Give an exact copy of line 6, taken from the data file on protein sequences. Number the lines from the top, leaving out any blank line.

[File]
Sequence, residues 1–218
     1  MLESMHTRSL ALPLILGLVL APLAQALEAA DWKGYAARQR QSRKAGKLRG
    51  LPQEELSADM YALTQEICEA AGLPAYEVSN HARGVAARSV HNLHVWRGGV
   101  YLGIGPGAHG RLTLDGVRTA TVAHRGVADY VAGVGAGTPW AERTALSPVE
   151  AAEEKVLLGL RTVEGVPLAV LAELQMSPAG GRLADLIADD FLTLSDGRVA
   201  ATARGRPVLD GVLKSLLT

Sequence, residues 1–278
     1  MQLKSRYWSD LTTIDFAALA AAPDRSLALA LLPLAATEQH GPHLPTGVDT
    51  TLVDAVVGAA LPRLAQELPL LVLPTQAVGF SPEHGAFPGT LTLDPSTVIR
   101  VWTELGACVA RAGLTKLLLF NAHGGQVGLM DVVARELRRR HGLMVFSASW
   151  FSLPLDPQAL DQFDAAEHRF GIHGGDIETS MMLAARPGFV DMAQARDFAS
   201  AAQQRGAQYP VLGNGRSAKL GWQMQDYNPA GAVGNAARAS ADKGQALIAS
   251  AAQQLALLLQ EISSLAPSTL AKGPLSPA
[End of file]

   201  ATARGRPVLD GVLKSLLT